The French minister of culture, Renaud Donnedieu de Vabres, has a growing controversy on his hands: the DADVSI law on copyright in the digital age. The most contentious aspect of the DADVSI law is the attempt to curb illegal downloading of music and movies via P2P programs through the use of Digital Rights Management (DRM). This has caused uproar among the Internet-using public and divided the governing political party representatives in the national assembly.
In late December 2005, when the DADVSI law was put to vote for the first time, representatives in the national assembly went so far as to pass an article to be added to the law that did away with the controversial DRM proposal and opted for the equally controversial global license concept. Instead of attempting to halt P2P use, global licensing would have increased monthly Internet access fees from two to six euros a month. In exchange, Internet users would have been granted the right to unlimited P2P downloading.
The disagreement over the inclusion of DRM use in the DADVSI law is understandable for a number of reasons. First off, the French hold dear their right to private use. At the moment in France, no legislation restricts users from making copies of video and audio works for private use (i.e., for one's own use or for friends and family). Currently, there is a tax on all blank CDs, DVDs, and video and audio cassettes, which is then distributed to French performers, as is the case in the United States. Bruce Sunstein, head of the Patent Practice Group of the Boston-based law firm Bromberg & Sunstein, explains, "In the U.S., legislation enacted before the rise of the Internet and developed to deal with digital audio tape recorders also sanctioned noncommercial recording of music, with a scheme that in effect placed a tax on forms of recording media."
Given this precedent, downloading a song or a movie for private use should be allowed for most French Internet users. The fear is that if the DADVSI becomes law, private copying will no longer be legal. According to Tristan Nitot, president of Mozilla France and a well-known blogger, "DRMs aim at making copying impossible . . . and are incompatible with the right to fair use."
The other main sticking point with DRMs is their general lack of interoperability. And, perhaps more importantly, as Nitot explains, "Linux machines cannot read any media protected by DRMs." Since the DADVSI law makes it a criminal offense to crack a DRM program, as well as share the crack code, it basically ignores open source users.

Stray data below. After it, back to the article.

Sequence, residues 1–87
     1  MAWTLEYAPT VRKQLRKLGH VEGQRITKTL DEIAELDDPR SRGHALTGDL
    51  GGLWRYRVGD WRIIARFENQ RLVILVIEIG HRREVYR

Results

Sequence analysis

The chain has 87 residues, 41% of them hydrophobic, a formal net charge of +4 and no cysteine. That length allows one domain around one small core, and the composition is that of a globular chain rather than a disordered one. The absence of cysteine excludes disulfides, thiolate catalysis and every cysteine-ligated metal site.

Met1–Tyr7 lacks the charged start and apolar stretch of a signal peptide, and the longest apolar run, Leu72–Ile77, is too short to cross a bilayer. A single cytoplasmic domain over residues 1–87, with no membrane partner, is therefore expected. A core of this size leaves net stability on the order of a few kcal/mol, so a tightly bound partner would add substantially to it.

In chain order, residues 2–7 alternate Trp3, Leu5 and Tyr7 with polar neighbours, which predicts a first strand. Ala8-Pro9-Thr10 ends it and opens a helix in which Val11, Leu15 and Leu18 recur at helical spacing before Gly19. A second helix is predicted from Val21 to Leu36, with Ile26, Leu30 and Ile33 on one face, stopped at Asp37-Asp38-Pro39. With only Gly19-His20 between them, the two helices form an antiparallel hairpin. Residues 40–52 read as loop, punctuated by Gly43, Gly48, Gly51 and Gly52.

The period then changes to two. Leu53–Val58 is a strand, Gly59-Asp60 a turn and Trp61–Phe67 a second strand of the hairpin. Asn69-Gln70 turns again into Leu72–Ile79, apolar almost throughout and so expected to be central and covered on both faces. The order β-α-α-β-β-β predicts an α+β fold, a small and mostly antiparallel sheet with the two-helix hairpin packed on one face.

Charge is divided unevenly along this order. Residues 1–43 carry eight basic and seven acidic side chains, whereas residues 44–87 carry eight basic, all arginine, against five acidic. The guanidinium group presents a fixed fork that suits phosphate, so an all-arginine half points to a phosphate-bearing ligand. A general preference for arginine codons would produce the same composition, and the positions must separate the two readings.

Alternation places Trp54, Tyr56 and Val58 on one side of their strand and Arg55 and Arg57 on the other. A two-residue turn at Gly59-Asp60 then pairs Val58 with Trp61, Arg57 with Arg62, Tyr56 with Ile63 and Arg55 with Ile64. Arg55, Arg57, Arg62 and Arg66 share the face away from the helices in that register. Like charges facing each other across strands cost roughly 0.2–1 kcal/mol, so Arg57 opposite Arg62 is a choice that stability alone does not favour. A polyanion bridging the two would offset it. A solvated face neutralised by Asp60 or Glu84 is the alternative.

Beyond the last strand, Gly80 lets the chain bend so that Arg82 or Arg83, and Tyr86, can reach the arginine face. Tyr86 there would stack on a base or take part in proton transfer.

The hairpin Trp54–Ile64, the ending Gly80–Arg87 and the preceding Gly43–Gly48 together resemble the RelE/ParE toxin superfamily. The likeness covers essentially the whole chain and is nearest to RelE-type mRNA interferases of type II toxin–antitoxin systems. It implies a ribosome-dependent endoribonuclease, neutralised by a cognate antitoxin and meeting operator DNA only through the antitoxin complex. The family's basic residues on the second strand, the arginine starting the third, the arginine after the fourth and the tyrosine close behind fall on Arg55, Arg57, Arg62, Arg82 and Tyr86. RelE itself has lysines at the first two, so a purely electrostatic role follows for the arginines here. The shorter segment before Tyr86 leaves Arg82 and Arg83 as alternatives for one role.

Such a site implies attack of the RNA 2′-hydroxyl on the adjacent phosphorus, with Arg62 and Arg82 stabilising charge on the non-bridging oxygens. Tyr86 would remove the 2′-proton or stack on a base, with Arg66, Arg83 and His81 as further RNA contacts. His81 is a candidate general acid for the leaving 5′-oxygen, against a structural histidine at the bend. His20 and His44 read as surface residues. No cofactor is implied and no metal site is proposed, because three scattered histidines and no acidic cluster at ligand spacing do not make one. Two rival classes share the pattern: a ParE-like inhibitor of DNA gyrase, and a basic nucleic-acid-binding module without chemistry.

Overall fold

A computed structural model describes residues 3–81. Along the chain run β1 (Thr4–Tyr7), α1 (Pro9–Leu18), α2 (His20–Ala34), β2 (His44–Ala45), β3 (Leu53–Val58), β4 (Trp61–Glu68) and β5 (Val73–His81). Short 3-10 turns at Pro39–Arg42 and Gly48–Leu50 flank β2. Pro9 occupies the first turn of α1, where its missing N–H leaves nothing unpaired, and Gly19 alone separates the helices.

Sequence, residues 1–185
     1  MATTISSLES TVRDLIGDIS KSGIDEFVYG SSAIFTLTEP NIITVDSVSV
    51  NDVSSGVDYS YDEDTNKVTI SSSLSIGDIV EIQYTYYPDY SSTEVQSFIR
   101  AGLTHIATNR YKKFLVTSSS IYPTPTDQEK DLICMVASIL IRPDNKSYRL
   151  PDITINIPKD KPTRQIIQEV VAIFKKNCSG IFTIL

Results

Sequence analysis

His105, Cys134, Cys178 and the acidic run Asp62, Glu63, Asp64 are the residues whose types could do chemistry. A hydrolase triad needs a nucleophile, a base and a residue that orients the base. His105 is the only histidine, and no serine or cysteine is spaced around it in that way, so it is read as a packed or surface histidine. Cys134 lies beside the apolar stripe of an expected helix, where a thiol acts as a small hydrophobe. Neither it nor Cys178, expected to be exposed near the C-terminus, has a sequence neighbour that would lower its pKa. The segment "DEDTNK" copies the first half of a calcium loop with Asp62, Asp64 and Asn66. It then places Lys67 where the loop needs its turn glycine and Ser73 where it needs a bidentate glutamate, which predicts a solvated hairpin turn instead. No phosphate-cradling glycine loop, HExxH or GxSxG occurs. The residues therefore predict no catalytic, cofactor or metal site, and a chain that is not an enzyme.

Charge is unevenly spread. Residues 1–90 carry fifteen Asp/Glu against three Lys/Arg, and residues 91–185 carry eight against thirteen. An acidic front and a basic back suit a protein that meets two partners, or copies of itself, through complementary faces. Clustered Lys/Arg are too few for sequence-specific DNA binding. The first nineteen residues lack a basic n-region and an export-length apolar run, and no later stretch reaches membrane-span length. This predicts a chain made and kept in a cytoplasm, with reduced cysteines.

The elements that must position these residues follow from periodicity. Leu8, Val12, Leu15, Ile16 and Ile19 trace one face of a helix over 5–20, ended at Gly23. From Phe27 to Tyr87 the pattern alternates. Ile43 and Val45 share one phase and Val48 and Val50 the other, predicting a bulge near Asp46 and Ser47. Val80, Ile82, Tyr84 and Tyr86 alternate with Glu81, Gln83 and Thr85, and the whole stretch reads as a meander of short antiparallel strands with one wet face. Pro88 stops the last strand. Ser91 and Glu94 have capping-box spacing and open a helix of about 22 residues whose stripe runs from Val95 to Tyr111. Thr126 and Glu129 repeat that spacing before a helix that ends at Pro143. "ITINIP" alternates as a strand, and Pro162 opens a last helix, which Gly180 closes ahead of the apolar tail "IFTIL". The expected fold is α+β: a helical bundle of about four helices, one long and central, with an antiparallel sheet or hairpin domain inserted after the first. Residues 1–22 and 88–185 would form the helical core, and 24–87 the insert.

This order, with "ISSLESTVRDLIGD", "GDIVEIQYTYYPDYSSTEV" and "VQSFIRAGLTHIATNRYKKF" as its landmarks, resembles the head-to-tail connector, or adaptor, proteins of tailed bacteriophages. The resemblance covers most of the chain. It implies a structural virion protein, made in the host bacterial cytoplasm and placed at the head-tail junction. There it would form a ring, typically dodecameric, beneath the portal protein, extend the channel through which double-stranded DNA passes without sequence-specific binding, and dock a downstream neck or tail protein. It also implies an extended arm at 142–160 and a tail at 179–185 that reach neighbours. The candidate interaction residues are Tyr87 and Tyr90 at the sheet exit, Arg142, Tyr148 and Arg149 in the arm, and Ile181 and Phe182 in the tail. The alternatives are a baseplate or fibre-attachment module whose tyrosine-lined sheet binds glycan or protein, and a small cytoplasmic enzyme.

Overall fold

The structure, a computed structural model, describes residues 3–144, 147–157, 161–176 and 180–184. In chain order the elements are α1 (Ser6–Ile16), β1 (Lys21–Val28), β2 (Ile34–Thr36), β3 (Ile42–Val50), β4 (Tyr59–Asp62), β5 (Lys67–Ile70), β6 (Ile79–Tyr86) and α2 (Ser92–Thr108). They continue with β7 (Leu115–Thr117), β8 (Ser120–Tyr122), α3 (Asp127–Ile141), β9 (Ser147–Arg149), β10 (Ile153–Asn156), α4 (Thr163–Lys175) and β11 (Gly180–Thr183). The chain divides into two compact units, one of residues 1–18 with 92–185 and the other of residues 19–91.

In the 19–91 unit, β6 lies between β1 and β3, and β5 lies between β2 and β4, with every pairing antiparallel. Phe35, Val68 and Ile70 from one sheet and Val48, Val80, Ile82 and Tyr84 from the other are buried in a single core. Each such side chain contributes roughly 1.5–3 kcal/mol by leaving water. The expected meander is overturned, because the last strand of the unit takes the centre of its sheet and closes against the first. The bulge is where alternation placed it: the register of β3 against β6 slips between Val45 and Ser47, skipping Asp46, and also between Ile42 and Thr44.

In response to the general unease surrounding this law, the ministry of culture set up two Web sites. One, hosted on the ministry's official site (www.culture.gouv.fr), uses video clips of everyday folk asking questions about the law. The other (www.lestelechargements.com) is co-run by two government ministries and two major artist organizations. It is touted as a forum for open discussion between the public, concerned artists, and the government, but many are questioning this claim. Alternative sites, such as lestelechargements.net, have sprung up where discussion about the DADVSI law is lively and predominantly anti-DRM. Of course, the debate is also ongoing in the French blogosphere--something that Donnedieu de Vabres has not overlooked. After the December defeat of his version of the law, he invited eight influential bloggers to have lunch with him, likely in the hopes that they would temper the online debate.
Despite the controversy surrounding it, the DADVSI law does have some positive points. For one, it includes special copying concessions for handicapped technology users. The DADVSI law would also make the penalties for certain types of downloading and file sharing more realistic. For example, if you are caught downloading an album or a movie for private use, you would risk a relatively small EUR 38 fine, and that only after numerous warnings, instead of a steep fine and a prison term as is currently the case. It also provides for the creation of a non-government mediation council.
As of March 8, the global license article had been removed from the law. Despite the popularity and almost inevitability of P2P file sharing, DRM seems to be the route the government will take. Though even if the law is passed, the road to enforcement will be a bumpy one.